2009 Kenai River Recreation Use Study
The Kenai River is widely known as one of the most outstanding recreation resources in Alaska, but its popularity has led to high use and impacts at some times and places, which are an on-going challenge to Kenai River managers. While several agencies have (sometimes overlapping) management responsibilities on the Kenai, State Parks is the lead managing agency for recreation use on the river and adjacent state land. The last major study of recreation use impacts was in 1992-93, and the most recent Comprehensive Management Plan (1997) identified the need for more information about recreation use and impacts. Funding for the study became available this year; Confluence Research and Consulting (with offices in Anchorage and Corvallis, Oregon) received the contract to conduct the study for State Parks and the KRSMA board. More information about Confluence is available at their website confluence-research.com.
The study will assess the “state of recreation” on the river. The overall goal is to describe use levels and patterns, impacts, user and trip characteristics, impact tolerances, attitudes toward general management strategies, and acceptability of specific management actions. The study will address these issues through coordinated user, guide, and property owner surveys, as well as field assessments (detailed information about the amount, type, and distribution of use through the season). Users will be surveyed on-site from May through September, with a longer follow-up survey sent to a random sample of on-site users.
The study is primarily directed at “recreation experience” issues rather than biophysical impacts (e.g., bank trampling, boat-caused erosion, hydrocarbon pollution), although respondents will be asked about management actions that may be used to address those impacts. Results are expected to be considered by State Parks, the KRSMA Advisory Board, other agencies, stakeholders, and the public before additional recreation management initiatives are taken on the river. The study is not designed to address fisheries management issues (e.g., fishing regulations; allocations between commercial, subsistence, and sport fishing users).
A study plan is being developed in February 2009 in collaboration with the River Use Committee of the KRSMA Board and agency staff. Researchers will develop draft surveys in March and pre-test them in April and early May. On-site surveying will occur from mid-May through September. Data will be analyzed through the winter and results will be presented in spring 2010.
Focus Group Meetings
The study will conduct meetings with important “stakeholders” to discuss the study and learn about the river’s recreation management issues. Meetings are currently planned with:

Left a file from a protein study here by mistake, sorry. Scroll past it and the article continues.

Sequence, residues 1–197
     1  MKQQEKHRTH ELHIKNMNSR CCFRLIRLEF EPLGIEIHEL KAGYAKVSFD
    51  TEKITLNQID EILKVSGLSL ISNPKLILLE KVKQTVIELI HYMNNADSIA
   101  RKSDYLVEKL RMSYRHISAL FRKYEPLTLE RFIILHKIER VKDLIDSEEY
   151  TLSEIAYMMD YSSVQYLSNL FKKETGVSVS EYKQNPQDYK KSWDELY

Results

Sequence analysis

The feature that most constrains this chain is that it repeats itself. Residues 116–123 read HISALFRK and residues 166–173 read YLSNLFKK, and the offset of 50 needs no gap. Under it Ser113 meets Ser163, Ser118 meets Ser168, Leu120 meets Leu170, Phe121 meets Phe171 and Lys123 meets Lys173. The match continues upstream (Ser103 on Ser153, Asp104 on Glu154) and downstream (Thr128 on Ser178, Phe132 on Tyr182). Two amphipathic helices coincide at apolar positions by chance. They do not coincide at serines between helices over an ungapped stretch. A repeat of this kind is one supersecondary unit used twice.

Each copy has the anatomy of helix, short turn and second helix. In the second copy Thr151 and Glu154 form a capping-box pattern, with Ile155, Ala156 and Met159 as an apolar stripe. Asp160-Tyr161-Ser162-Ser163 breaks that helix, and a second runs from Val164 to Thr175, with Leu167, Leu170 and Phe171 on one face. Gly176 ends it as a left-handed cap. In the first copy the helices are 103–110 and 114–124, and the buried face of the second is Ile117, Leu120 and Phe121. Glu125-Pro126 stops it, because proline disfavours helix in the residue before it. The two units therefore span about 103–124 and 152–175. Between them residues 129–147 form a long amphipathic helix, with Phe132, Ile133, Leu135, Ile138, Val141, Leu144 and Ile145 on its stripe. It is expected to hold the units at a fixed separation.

- Kenai River Sport Fishing Association
- Kenai Area Fisherman’s Coalition
- Property owners
- Cooper Landing / Upper Kenai area users
- Anchorage area users
There are two main objectives at these meetings:
- Briefly review the study objectives and overall approach (researchers will provide information about the study to stakeholders).
- Discuss the river’s recreation management issues, including recreation opportunities, impacts and tolerances for impacts, coping strategies, and potential management actions to address them (stakeholders providing information and ideas to researchers).
Discussion will be semi-structured and cover:
- Defining seasons and segments (e.g., late and early king runs, early and late sockeye runs) to guide survey sampling.
- Prioritizing launches or other areas to survey users.
- Prioritizing impacts (we’ll review and update 1992 study impacts).
- Reviewing and prioritizing use level count options (and discussing possible volunteer counting efforts that may assist the study).
- Reviewing how users “cope” with impacts.
- Brainstorming management strategies and specific management actions (we’ll review and update the 1992 study options).
The focus groups will be limited to 12 people to maximize opportunities for participation and exchange in a “working group” atmosphere. Participants will ideally have diverse experience on the river, with knowledge about drift, powerboat, and bank angling as well as scenic trips. With the exception of the Cooper Landing meeting (which will focus on the Upper River), discussion will address all three river segments. Strong voices and opinions among participants is desirable, but we also want participants to be good listeners and respectful of others’ ideas. In a working group format, the best results occur when everyone feels they have had a chance to contribute.
Focus group caveats
The focus group meetings are not a decision-making forum – the goal is to discuss ideas and share knowledge about the river so the study can be conducted successfully. The focus groups are also not the only way that stakeholders or the public can becme involved in the study; a “pre-test” of the draft surveys will occur in April. Although data from the pre-test will not be analyzed for the study, pre-test comments are critical for improving questions and making sure all the important issues are being addressed.